Big ships calling for the first time included Norwegian Breakaway on June 29 and Anthem of the Seas on Sept. 1, while Queen Mary 2 returned for four stops, and Disney Magic also came back.
Halifax Seaport tenants are reporting strong interest and steady foot traffic as a result of cruise visitors.
'We have seen tremendous year-over-year growth at this location,' said Alex MacLean, founder and ceo, East Coast Lifestyle, which has been operating from the Halifax Seaport Immigration Annex for two cruise seasons.
'The cruise guests are a big part of that,' MacLean said. 'They come in looking for an authentic East Coast product they can take back with them, and we are more than happy to provide them with what they are looking for. It has been a great season for us.'
Passenger interest in nearby landmarks like Peggy's Cove and destinations like Lunenburg, a UNESCO World Heritage Site, have kept tour operator Ambassatours Gray Line busy since the first vessel arrived in April.
'We are very fortunate here in Nova Scotia to live in a place where people come to spend their vacations,' Ambassatours ceo Dennis Campbell said. 'It is our privilege to provide our cruise guests with a service that helps make their time in our region even more memorable while supporting the local tourism economy.'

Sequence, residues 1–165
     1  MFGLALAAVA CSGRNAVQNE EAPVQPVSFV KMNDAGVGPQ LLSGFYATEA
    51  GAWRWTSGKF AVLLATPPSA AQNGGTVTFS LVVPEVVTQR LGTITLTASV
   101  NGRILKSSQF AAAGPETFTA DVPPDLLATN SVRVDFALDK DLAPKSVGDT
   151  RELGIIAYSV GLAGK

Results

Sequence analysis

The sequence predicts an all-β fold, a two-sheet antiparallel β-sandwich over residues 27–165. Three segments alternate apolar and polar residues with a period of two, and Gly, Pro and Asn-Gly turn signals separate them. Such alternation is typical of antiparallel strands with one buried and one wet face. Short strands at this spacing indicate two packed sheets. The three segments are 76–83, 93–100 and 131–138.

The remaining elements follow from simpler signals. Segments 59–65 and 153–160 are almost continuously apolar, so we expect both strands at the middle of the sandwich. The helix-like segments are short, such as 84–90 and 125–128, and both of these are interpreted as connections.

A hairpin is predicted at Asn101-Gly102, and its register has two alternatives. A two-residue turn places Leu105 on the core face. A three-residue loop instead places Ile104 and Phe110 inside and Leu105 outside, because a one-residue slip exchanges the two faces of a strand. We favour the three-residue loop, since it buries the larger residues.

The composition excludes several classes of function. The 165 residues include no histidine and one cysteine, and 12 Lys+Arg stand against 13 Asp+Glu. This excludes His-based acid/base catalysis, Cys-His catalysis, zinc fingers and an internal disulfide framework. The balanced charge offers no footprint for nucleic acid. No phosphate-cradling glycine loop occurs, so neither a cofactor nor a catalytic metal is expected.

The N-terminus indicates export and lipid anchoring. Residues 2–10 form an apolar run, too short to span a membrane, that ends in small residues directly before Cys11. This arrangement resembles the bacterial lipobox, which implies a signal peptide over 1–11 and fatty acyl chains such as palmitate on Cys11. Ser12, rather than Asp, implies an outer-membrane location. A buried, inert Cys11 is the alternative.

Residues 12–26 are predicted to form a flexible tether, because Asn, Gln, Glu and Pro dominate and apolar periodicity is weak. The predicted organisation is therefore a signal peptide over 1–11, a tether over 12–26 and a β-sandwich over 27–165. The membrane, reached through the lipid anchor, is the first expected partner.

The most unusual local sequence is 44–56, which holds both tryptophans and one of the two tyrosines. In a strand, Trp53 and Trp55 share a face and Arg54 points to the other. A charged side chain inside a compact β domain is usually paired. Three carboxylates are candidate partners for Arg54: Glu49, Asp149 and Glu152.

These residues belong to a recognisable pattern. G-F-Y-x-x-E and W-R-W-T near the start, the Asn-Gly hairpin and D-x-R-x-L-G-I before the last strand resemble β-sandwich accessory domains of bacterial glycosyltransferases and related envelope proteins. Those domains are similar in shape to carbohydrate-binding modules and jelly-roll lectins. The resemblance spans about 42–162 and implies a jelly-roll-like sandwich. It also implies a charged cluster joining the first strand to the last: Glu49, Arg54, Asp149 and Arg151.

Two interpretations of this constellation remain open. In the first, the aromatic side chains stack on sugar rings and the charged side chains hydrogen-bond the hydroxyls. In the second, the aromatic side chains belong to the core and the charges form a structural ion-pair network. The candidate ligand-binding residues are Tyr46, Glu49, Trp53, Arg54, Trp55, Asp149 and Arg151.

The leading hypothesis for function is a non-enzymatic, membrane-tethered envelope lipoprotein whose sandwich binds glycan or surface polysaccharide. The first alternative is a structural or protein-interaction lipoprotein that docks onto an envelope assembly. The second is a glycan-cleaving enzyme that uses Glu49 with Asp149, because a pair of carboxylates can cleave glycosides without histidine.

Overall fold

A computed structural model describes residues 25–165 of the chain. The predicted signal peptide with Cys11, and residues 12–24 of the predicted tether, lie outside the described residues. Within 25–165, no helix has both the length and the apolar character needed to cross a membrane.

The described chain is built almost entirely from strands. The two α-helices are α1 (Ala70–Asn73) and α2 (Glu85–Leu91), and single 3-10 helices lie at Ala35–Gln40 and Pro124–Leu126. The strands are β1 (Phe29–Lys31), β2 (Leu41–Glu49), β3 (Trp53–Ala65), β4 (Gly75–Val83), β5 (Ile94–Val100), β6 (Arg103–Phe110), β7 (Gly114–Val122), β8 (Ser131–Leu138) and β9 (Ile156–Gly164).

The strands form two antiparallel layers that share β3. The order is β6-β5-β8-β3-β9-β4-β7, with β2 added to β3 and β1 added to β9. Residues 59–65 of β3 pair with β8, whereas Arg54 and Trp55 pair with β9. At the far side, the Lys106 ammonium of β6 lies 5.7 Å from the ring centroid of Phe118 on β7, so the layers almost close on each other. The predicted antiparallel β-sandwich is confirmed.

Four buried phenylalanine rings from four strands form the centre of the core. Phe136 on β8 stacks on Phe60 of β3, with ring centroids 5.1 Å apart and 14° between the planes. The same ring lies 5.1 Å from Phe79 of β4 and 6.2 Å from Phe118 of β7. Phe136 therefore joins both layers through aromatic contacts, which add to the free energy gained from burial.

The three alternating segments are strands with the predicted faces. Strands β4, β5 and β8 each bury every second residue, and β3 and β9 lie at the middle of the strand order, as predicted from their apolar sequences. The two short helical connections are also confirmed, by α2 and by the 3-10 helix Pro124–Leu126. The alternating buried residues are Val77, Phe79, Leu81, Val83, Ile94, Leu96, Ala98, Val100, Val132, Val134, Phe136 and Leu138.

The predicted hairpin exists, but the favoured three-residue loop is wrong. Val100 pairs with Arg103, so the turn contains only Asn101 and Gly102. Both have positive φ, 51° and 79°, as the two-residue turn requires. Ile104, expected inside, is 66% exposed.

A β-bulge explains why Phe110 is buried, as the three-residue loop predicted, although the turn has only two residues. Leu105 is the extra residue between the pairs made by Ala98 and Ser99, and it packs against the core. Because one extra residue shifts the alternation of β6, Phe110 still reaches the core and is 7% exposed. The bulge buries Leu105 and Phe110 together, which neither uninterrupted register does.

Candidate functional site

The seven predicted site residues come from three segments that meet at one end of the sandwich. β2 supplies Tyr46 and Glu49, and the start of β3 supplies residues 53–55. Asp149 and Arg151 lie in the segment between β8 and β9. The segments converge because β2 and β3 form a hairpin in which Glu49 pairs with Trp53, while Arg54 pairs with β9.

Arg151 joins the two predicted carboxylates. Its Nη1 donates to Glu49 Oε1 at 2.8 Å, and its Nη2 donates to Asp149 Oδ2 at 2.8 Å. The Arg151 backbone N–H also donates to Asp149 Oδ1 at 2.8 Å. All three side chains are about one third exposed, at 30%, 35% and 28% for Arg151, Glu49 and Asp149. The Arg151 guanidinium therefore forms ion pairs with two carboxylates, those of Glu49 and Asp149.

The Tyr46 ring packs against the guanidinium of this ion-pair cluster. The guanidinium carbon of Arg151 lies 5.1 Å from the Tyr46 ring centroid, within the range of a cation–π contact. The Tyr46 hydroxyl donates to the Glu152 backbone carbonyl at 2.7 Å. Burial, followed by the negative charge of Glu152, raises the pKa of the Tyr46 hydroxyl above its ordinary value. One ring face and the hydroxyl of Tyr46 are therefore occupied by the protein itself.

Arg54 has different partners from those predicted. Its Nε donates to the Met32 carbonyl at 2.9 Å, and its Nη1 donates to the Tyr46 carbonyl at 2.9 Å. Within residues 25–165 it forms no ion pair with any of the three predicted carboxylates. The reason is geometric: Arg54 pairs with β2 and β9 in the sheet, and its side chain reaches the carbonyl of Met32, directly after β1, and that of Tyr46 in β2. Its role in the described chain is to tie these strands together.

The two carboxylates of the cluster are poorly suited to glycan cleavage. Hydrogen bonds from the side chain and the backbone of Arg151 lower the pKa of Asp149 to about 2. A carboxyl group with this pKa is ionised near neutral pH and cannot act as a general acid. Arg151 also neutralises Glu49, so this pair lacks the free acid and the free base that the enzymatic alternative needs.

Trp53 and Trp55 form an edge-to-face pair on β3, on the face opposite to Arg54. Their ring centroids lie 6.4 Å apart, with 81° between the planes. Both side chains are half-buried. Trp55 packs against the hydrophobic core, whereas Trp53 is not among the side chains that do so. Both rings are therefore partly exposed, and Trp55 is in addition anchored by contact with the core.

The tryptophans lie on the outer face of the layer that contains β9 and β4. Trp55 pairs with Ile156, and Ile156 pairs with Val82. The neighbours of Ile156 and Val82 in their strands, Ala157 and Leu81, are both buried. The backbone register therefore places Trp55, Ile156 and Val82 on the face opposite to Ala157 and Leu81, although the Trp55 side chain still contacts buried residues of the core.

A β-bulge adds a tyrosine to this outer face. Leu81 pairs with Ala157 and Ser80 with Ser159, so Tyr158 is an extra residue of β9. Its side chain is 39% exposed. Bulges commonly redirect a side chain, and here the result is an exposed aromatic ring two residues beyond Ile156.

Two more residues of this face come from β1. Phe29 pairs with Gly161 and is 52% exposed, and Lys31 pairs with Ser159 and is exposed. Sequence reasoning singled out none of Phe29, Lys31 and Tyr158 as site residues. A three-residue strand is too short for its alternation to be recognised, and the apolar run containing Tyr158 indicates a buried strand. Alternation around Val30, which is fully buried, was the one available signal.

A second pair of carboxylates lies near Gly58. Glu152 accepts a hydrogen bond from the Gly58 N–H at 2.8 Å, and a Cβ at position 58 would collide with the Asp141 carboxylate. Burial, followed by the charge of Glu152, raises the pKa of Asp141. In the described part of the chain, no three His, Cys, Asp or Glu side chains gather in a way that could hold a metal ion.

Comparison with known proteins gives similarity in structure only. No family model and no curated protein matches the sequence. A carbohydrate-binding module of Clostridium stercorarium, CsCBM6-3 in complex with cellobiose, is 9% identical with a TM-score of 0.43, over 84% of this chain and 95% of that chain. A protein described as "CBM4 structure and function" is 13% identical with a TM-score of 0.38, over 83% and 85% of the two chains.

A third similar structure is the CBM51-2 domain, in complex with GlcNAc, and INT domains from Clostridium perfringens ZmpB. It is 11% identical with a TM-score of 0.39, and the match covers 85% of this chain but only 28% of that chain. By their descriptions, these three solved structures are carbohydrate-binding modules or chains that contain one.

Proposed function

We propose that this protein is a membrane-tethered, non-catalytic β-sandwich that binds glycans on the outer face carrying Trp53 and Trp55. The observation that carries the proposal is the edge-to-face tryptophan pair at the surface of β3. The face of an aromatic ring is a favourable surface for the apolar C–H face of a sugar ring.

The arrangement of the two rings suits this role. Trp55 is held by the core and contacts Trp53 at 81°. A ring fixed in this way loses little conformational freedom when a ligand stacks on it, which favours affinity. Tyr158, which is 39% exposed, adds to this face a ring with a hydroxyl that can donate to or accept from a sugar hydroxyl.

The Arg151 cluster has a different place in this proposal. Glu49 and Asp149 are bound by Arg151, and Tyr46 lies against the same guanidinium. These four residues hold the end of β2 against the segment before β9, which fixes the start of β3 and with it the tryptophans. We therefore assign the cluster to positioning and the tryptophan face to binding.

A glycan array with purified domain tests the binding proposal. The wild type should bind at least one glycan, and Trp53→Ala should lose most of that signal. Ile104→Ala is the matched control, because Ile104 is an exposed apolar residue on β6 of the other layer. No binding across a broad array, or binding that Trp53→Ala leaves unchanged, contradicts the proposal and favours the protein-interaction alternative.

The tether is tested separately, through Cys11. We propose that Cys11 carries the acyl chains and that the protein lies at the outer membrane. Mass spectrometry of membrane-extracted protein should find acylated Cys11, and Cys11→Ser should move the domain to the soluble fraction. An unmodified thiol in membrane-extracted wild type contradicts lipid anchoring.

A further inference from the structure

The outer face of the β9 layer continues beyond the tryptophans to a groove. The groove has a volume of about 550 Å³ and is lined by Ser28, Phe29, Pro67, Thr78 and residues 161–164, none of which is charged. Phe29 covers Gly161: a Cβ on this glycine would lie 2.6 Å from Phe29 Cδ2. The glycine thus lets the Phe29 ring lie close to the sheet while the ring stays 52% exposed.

The Halifax Port Authority expressed appreciation to its partner organizations, tour operators, retailers and tourism providers who 'go above and beyond each year to provide cruise guests with an unforgettable, authentic experience that keeps them coming back for more.'
Final passenger numbers for the 2016 season are still being tallied and will be released in the coming weeks.
The cruise industry in Halifax is worth an estimated $104.3m each year in economic benefit, according to the most recent economic impact report.